Aides bring concerns to board
ESCANABA – Several concerns about further budget cuts to Escanaba Area Public School’s Michigan Educational Support Personnel Association (MESPA) unit were heard during Monday’s school board meeting.
During public comment, several aides represented by MESPA, addressed the board on further budget cuts. The school board previously voted to lay off 10 program aides for the 2013-14 school year due to funding.
Tara Nelson spoke on behalf of MESPA at the meeting, claiming the district is asking to cut an additional $40,000 from MESPA.
“We have already given everything we have,” said Nelson. “We have given up our dental and vision insurance. We only insure ourselves with healthcare, not our family. We have lost workers. We have fewer hours. It is impossible to reach $40,000 unless you fire four more workers.”
She pleaded the board look at other areas for cuts, starting from the top.
“Cuts should be across the board, to include everyone,” she said. “But it seems us aides, the lowest paid employees in the district, seem to always be the target. Sooner or later, you have to go after other areas for cuts. We have nothing left to give.”
Carol Pellegrini, a former fourth-grade program aide who has been assigned another position, spoke on her passion for her position and asked the board to visit and volunteer their time with the students the aides support.
“I’m asking you also, if there’s any money that comes back into the school system, before you give it to sports and everything else…I’m asking you to put the money back into the special ed department and put the program aides back into the classrooms where we need to be and you’ll see for yourself how it’s going to be affecting these kids if you visit these classrooms,” she said.
Escanaba Superintendent Michele Lemire responded to the statements made during the meeting in an email to the Daily Press dated Monday evening.
“The Board of Education views the statements regarding negotiations by members of the MESPA unit as unproductive and a barrier to good-faith bargaining,” she said. “Despite the fact that their negotiations team cancelled the last two sessions over the summer and instead filed an information request, the board team is open to meet at the table. The board values these employees as they do all employees. In contrast to what MESPA cited inaccurately, the superintendent, administrators, supervisors and other non-union staff all took concessions at the June board meeting.”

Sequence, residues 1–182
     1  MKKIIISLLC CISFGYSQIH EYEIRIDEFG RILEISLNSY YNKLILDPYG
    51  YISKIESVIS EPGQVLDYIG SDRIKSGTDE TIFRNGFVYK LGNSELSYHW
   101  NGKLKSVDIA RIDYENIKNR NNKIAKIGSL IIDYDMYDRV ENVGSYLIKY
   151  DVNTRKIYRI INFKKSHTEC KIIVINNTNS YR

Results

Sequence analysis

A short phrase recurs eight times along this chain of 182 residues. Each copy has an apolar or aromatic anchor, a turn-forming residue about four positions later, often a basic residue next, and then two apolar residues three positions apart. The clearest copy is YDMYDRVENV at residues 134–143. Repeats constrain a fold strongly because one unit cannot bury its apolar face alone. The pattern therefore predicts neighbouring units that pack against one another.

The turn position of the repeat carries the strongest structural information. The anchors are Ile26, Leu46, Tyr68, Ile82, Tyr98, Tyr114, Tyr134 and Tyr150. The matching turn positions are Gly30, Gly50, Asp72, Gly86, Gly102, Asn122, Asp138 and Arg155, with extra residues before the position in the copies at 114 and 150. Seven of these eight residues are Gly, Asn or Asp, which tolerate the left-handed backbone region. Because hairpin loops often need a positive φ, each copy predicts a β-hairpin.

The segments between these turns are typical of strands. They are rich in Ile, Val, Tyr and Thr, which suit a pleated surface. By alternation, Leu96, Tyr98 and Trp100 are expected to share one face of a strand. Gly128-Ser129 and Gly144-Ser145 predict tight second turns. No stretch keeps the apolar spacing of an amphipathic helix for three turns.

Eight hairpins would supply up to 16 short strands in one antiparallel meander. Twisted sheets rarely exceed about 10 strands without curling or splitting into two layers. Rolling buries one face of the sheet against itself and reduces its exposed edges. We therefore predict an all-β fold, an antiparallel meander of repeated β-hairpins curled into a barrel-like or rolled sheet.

Lemire added other claims regarding negotiations were unsubstantiated and get in the way of the “real issues.”
“Finally all of the cuts the board had to make were difficult,” her statement concluded. “The district cannot spend more than it takes in and aides had to be reduced. Teaching, learning, and extra support will still be provided to take care of all of our students. We are hoping with everyone working together that we will see better times for the future.”
Another issue brought forth during public comment were busing concerns.
One parent from Bark River said she lives a mile-and-one-half outside of Escanaba but the school district will not come down her road to pick up the four children on her road.
Another parent, Emily Viau of Bark River, spoke on similar busing issues. Viau said she lives within the Bark River school district, though those living across the street are part of the Escanaba district.
“I wish the district would be a little more flexible, a little more willing to work with parents,” she said. “Bark River and Hannahville alike – they are so willing to go out of their way to pick up children that are not in their school district and I just wish that Escanaba would do the same.”
Lemire noted after the meeting that she and director of operations Amy Cseter have had conversations with parents regarding these issues.
“We are sending buses outside the district now to pick up students but we have to make sure that when we send them outside of our district that we can get them back in time to make sure the kids that are in the Escanaba attendance area are not late,” she said. “That’s probably the biggest issue. Obviously we would like to be able to do that if we could, but there’s certain logistical things that we have to work out.”